LETTER: Goat-tying is a cruel ‘sport’ that needs to end

I doubt any cowgirl would submit her horse to this barbaric “amusement.”

It will be Junior Rodeo time again at the Clallam County Fairgrounds this Saturday and Sunday, and youth rodeo activities, including goat tying, are part of the action.

Unfortunately, the plight of animals involved does not garner the attention it deserves.

Consider the point of view of the goat — tied to the ground, terrified by the onrushing cowgirl and her mount, thrown violently to the ground and then its legs forcibly bound with rope.

Again. And again.

If a participant’s beloved horse was taken from her and subjected to the same treatment for the sake of someone else’s amusement or “sport,” I doubt the cowgirl (or her horse) would be happy about it.

Rather, I suspect she might call 9-1-1 and report animal cruelty.

Some traditions or sports ought to end.

I submit goat-tying is one.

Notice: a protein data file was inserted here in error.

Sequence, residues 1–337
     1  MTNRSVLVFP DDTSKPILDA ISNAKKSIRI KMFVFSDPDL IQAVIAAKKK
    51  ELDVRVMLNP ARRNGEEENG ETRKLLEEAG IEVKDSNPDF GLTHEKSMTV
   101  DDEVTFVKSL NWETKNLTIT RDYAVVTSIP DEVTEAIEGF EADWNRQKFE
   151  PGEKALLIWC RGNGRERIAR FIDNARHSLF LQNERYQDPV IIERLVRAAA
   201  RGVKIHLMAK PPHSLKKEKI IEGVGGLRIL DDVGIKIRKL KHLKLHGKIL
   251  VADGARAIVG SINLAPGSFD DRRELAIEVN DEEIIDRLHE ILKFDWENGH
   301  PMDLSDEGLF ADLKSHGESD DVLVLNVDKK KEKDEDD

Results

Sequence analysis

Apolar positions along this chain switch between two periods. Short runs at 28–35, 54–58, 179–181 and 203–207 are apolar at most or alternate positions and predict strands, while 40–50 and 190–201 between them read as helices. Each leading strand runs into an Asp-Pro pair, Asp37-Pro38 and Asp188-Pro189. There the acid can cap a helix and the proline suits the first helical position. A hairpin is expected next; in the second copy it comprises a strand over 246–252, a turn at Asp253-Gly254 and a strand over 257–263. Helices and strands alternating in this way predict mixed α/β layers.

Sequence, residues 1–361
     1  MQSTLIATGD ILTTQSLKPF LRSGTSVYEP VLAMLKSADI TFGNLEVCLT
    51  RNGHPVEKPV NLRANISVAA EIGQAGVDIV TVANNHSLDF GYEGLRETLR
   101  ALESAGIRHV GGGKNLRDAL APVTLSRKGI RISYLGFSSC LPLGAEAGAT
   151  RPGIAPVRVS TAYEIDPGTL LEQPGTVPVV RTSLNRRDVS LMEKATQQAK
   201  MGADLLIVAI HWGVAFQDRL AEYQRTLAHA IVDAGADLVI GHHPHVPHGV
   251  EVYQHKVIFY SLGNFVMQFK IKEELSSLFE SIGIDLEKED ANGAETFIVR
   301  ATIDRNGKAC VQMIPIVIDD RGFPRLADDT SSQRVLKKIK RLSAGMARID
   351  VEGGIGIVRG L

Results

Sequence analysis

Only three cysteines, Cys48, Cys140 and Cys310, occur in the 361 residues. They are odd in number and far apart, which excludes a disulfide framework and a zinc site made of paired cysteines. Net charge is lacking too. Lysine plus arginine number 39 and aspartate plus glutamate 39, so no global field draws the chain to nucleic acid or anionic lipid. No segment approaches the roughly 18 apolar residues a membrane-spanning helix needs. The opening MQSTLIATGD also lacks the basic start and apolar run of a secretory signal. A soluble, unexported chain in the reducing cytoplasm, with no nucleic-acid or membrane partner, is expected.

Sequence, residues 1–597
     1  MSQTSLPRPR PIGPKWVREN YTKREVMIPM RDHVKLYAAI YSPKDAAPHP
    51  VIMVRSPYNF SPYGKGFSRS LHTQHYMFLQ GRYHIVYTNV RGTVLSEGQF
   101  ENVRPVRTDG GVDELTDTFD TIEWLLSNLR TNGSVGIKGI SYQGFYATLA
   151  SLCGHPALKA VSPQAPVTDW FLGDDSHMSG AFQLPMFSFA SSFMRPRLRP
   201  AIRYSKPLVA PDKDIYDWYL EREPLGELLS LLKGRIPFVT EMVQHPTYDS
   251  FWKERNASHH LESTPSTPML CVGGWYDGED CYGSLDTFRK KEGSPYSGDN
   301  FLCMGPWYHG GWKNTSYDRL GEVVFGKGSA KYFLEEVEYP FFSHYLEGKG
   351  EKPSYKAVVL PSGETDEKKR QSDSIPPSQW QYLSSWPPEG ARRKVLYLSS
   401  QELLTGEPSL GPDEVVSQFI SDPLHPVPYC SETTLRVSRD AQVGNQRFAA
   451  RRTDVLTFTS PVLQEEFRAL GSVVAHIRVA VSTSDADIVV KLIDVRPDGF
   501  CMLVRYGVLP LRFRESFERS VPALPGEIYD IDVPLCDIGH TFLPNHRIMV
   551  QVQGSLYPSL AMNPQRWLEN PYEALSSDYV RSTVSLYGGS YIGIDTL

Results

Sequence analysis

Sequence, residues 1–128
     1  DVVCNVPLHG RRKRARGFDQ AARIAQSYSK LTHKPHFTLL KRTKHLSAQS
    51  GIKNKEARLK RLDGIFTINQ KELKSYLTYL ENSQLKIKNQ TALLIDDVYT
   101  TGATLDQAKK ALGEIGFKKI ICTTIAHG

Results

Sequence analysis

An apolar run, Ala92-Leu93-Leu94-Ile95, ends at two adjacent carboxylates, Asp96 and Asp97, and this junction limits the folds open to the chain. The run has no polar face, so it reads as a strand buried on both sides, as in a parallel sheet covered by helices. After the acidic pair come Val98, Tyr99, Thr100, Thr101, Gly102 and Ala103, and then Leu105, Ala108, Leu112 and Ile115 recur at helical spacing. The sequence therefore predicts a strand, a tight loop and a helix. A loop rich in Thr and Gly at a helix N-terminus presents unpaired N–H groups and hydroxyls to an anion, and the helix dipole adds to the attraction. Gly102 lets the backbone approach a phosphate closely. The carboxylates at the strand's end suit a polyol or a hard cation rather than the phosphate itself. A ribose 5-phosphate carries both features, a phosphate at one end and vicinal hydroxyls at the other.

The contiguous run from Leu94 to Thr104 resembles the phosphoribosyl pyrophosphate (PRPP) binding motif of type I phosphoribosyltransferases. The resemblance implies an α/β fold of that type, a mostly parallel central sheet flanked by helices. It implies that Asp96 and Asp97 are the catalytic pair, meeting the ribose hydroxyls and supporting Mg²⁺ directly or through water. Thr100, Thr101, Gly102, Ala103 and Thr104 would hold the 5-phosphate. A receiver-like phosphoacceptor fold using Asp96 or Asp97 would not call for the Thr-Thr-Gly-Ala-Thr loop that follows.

There are plenty of other equestrian activities available that don’t inflict harm on the innocent.

Goat-tying perpetuates the idea that the well-being of our fellow species does not matter and they can be mistreated with impunity.

That is wrong.

On the other end of the spectrum, Leslie Torres, a high school girl in California, raised a lamb as her Future Farmers of America project but this year couldn’t go through with sending her friend to the auction at the end of the Santa Barbara County Fair for its prompt execution at the slaughterhouse because she and the lamb had formed a very natural bond.

Risking the ridicule of her peers, Leslie had the courage to donate the lamb to a local animal sanctuary.

Now that is something truly admirable.

Tom Fairhall,

Port Townsend

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